Zhu Songge says his email box is full of letters, coming in every day from parents nationwide hoping to send their kids to a windowless apartment, which resembles an underground organization: 12 teenage boys from different provinces crammed together, sleeping in the daytime in three bedrooms while working from midnight in the living room where they sit behind 17-inch computer screens and a wall emblazoned with a large graffiti mural.
These youths are professional players of the online game League of Legends. They represent Invictus Gaming Club, based in several rented apartments on different floors of a residential building. Their goal: to win the national cyber gaming championship and secure a place in the World Cyber Games, to be held this year in Kunshan, China. Total cash and prizes at this cyber showdown can amount to millions of dollars.
“The parents who email me ask if we can train their kids to become professional electronic sports players,” Zhu, who manages the club, told The Diplomat. “Everyday, I put a lot of effort into trying to persuade most parents and their children to give up on the idea and go back to study hard at school.”Enjoying this article? Click here to subscribe for full access. Just $5 a month.
Zhu explains that the number of really talented gamers is much smaller than the number of children who have what it takes to enroll at Tsinghua University or Peking University, China’s top two universities.
It would be impossible to imagine all of this just five years ago, when a documentary called Who Took Our Children was popular. The film explores 30 family tragedies that were believed to have been caused by online gaming addiction. One was a 17-year-old boy who poisoned his parents to death when they stopped him from going to an internet cafe, according to the Financial Times. As recently as 2009, many parents still believed the kind of electric-shock therapy invented by a psychiatrist from Shandong province could cure kids’ “electronic heroin addiction,” despite the fact that the Ministry of Health officially banned the practice in July of that year.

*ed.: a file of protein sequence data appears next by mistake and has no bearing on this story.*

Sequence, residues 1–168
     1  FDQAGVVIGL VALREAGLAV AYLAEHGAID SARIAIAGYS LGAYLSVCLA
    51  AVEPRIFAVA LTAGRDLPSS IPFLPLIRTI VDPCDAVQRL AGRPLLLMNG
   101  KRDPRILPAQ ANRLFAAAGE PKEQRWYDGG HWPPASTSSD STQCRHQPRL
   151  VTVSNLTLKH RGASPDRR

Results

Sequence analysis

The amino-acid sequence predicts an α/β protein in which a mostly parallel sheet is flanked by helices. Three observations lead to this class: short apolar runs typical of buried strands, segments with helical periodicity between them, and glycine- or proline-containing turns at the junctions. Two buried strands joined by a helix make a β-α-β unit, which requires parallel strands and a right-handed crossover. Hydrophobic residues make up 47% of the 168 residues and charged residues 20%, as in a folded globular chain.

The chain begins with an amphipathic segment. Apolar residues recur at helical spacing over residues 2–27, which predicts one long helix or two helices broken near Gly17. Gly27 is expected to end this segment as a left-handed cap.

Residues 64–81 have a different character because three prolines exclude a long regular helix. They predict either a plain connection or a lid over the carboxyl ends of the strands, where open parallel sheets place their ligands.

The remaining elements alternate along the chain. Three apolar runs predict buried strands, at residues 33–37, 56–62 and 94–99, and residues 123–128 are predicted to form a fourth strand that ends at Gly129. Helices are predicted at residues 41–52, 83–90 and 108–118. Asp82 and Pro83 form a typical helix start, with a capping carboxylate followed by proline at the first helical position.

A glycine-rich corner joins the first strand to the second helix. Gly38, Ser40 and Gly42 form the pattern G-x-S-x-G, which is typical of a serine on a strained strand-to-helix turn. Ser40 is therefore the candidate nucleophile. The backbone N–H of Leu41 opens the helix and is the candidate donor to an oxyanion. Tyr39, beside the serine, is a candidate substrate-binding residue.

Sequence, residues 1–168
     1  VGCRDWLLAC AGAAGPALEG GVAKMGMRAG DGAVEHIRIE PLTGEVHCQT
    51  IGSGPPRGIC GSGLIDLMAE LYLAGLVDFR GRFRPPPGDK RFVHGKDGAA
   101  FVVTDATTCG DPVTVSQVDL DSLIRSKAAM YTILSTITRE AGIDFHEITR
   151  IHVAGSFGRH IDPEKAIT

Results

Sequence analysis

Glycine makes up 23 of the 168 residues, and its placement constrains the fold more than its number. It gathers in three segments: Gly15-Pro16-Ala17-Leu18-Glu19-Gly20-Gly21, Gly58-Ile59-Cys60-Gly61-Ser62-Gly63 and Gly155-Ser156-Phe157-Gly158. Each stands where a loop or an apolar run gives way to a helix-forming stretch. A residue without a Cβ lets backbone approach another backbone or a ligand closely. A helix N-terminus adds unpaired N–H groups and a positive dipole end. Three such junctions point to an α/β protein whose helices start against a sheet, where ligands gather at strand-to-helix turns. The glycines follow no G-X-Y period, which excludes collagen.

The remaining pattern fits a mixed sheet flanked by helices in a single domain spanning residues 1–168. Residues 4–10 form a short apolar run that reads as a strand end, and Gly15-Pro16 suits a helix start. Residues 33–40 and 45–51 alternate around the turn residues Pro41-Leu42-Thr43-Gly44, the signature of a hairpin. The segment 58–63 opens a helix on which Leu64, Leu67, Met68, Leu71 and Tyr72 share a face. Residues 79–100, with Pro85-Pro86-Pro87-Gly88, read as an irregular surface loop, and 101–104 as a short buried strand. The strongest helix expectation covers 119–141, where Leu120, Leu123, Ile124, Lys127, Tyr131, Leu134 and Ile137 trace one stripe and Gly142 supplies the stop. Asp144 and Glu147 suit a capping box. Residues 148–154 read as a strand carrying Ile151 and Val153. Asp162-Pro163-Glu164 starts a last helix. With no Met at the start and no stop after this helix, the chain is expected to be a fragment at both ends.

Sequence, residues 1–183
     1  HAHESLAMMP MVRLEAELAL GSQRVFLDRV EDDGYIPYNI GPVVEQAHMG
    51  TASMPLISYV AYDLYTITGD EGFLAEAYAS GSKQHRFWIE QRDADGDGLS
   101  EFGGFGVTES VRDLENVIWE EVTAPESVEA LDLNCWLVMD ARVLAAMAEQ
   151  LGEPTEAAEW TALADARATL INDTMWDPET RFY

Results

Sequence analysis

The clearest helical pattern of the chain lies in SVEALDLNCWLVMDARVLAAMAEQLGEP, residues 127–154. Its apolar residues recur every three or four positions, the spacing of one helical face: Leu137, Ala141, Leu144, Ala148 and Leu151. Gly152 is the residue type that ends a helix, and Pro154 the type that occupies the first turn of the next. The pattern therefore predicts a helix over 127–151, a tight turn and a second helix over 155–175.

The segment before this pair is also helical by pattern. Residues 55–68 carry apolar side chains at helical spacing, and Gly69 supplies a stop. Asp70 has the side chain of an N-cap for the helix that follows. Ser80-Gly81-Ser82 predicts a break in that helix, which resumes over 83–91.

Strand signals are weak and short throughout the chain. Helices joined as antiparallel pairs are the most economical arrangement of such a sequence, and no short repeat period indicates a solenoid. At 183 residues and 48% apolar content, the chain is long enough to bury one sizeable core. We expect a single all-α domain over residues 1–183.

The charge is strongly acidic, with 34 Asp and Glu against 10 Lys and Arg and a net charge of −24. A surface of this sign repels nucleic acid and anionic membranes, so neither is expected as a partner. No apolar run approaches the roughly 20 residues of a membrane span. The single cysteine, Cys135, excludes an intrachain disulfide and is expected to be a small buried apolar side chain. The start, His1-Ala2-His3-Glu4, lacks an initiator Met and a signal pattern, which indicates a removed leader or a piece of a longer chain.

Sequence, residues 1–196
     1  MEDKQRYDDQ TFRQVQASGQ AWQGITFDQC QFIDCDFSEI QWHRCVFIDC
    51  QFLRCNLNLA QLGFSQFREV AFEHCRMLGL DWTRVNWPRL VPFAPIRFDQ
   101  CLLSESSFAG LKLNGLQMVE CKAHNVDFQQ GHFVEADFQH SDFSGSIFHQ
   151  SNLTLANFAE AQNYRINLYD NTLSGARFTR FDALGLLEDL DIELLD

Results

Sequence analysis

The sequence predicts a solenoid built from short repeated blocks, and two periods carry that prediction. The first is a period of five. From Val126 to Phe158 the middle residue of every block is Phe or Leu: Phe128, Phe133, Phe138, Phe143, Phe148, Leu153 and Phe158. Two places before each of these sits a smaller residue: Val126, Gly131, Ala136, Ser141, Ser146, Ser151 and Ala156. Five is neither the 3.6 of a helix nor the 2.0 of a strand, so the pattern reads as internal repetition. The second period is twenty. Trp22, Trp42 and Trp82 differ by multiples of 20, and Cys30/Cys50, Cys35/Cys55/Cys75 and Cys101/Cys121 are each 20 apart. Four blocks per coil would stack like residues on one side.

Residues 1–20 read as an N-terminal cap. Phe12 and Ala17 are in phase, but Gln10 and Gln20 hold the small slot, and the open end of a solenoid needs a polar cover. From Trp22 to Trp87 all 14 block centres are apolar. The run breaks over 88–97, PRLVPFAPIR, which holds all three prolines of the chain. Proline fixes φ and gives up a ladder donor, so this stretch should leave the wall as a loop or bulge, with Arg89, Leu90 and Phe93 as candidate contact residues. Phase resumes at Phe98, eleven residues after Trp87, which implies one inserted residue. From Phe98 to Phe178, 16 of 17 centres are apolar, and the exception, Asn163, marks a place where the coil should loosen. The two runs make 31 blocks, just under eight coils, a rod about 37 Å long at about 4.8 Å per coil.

Despite such horror stories, the status of professional online gamers seems to be improving, especially since China’s General Sports Administration announced in March the formation of a 17-person national team for e-sports to compete in the 4th Asian Indoor and Martial Arts Games. “The players can actually become sports stars and can earn a lot from commercial endorsements,” Zhu explains.
Above all, the relatively high salaries and game bonuses are some of the big attractions. Members of Zhu’s club can earn from 4,000 yuan to 8,000 yuan per month and receive additional benefits like free accommodation and transportation allowances. “Many parents are surprised to find that it is actually much better than most white-collar jobs for a fresh college graduate,” Zhu says.
Zhu is a law school graduate of Shanghai’s prestigious Fudan University. Two years ago, he quit his civil servant’s job, which is revered as a "golden bowl" by millions of parents and students, to join the club and manage the 12 players. "It is not an easy job since I have to take care of all these immature kids,” he says. ”Sometimes I feel I am a nanny. But it's less complicated than handling relationships with officials in an endless series of banquets."
“Every child has his or her own talent,” Wang Shufen, mother of a 15-year-old professional online gamer, tells The Diplomat. “Parents used to try to pave a path for their kids to top universities and white-collar jobs, thinking that’s the only way for them to achieve success and happiness. But I will support my son to do what he is passionate about and respect his choice.”
Wang watched her boy compete in a seasonal game of World of Tanks earlier this year. “It was exciting, especially when I heard others said he played an important role in the game and helped lead his team to victory. I feel proud of him.”